"When our medical staff are fighting on the front line to save lives of our fellow citizens, such a thing is absolutely inexcusable," Babis told reporters.
The scandal erupted on Friday when tabloid Blesk ran pictures of Health Minister Roman Prymula leaving a restaurant and entering a car without a face mask, a violation of rules that closed restaurants and required wearing masks in most places including chaffeured cars.
The Czech Republic registered 14,151 new infections on Thursday, down from a record of 14,968 the previous day, Health Ministry data showed Friday.
The country has recorded 223,065 infections since March. Deaths have risen to 1,845 from 1,739 reported a day earlier, which includes 55 deaths on Thursday along with revisions to previous days.
On Thursday, Babis said the country will get 30 ventilators from the European Union. Hospitals were treating 4,417 coronavirus patients as of Wednesday, a four-fold increase this month, and have cut most non-urgent care.
The government also agreed a plan to bring a team of 28 US National Guard medical staff to help in Czech hospitals, and was in talks with Germany to possibly provide 100 medical staff.
Chile has administered over 4 million PCR tests for the novel coronavirus, making the country the first in Latin America for the number of tests administered, Health Minister Enrique Paris said Thursday.
In the last 24 hours, 31,734 more tests were administered, bringing the total number of tests carried out to 4,005,923 since the pandemic began in the country, according to the Ministry of Health.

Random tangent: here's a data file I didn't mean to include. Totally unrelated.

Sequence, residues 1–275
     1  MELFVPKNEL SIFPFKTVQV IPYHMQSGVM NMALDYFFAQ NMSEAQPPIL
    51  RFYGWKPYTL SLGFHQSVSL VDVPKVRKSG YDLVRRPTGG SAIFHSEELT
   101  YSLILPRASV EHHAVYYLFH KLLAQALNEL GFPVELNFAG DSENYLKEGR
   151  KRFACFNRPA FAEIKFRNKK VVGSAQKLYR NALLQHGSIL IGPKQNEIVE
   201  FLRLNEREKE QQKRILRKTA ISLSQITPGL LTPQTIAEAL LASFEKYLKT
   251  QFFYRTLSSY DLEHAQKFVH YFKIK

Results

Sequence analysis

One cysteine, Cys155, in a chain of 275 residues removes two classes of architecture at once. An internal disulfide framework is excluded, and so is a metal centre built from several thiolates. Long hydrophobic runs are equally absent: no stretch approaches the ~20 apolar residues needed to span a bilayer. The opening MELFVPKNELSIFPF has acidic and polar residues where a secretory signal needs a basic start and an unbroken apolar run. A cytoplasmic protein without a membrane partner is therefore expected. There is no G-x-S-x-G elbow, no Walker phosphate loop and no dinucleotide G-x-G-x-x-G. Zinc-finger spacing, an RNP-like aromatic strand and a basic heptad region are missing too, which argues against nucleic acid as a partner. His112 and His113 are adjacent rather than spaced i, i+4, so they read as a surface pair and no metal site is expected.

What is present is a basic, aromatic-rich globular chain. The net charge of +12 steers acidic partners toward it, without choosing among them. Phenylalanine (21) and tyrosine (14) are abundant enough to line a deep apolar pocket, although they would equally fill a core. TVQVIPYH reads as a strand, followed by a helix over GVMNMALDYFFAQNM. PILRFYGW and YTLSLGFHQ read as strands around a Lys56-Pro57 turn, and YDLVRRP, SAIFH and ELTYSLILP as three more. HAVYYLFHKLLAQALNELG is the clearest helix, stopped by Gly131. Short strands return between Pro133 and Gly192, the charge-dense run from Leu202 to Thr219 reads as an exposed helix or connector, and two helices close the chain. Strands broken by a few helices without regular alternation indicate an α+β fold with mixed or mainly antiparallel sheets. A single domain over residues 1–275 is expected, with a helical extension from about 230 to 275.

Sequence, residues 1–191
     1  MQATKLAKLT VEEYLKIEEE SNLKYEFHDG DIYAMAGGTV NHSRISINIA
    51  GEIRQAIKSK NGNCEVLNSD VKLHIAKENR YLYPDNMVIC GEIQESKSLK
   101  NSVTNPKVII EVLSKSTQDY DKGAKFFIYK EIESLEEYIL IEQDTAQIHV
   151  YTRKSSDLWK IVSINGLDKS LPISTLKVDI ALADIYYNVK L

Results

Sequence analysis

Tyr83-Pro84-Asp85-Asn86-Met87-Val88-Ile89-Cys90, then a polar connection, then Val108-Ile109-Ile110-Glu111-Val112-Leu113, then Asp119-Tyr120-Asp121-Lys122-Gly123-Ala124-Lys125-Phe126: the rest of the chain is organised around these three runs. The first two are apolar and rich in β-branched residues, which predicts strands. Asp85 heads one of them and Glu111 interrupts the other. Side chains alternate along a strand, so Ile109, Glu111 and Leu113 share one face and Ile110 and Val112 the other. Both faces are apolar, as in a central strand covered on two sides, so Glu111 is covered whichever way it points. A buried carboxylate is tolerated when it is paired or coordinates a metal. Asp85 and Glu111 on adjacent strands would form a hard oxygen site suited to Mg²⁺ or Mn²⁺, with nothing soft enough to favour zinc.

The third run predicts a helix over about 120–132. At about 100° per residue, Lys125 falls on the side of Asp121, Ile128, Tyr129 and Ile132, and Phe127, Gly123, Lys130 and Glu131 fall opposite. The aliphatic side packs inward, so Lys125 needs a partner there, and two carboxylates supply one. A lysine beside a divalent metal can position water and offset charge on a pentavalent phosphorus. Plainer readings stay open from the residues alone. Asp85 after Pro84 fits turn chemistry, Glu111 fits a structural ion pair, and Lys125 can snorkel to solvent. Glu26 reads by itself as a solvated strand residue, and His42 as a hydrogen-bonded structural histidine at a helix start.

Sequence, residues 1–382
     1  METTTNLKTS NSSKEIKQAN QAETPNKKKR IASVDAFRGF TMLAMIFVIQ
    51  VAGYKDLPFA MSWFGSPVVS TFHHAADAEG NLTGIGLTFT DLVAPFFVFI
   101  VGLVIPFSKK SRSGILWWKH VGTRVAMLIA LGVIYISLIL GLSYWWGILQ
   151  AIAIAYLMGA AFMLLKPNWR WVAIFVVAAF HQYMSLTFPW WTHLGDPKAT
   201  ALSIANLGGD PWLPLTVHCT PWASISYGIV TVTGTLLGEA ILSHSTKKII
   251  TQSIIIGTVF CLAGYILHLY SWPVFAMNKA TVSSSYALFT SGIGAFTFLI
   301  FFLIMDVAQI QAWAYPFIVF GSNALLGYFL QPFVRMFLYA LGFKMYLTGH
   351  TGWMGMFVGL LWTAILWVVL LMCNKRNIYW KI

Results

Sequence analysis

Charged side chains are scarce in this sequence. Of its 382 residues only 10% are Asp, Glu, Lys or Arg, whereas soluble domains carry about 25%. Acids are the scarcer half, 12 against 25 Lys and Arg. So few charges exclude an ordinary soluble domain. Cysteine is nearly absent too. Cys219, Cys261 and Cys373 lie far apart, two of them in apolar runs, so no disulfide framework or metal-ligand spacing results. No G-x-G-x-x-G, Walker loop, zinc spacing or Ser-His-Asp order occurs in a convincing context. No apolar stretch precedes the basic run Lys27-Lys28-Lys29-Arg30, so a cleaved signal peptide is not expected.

A total of 1,495 new cases were reported in the past 24 hours, bringing the country's infection tally to 497,131. The death toll rose by 73 to 13,792, according to the Department of Statistics and Health Information.
Denmark registered 760 new cases of coronavirus infection in the past 24 hours, bringing the country's tally to 37,763 as of Thursday, according to Statens Serum Institut (SSI), which is responsible for the Danish preparedness against infectious diseases.
It was the highest daily tally recorded since the first COVID-19 case was confirmed on Feb 27.
During an afternoon press conference on Thursday, Foreign Minister Jeppe Kofod announced new travel restrictions in response to a "tsunami" of infections throughout Europe.
Under the new restrictions, Greece, Norway, the northern German region of Schleswig-Holstein, and some areas of Sweden are now the only countries and regions that remain open to unrestricted travel for Danes, while "unnecessary travel" to the rest of Europe is not advised.
Ecuador should brace for possible new COVID-19 outbreaks in the wake of holiday celebrations, Minister of Public Health Juan Carlos Zevallos warned on Thursday.
The coming weeks may see fallout from recent celebrations in the port of Guayaquil marking the 200th anniversary of the founding of the city, according to Zevallos.
Guayaquil has the country's second-largest outbreak, with 14,651 infections.
Ecuador has registered 156,451 confirmed cases and 8,195 deaths so far, according to the Ministry of Public Health.
The coronavirus is spreading more quickly than during its initial outbreak in the spring, French government scientific advisor Arnaud Fontanet said on Friday, in one of the starkest warnings yet about the scale of the virus' resurgence engulfing Europe.
He spoke a day after France extended curfews to around two thirds of its population on Thursday amid a COVID-19 situation that Prime Minister Jean Castex described as "very serious".
Castex said a curfew imposed last week on Paris and eight other cities would be extended to 38 more departments, confining 46 million out of the country's 67 million population to their homes from 9 pm to 6 am.
French health authorities reported a record 41,622 new cases
Health authorities reported a record 41,622 new cases, bringing the cumulative total to 999,043.
According to data compiled by Johns Hopkins University, the French tally had crossed 1 million early Thursday, becoming the second country in Western Europe to pass the milestone after Spain.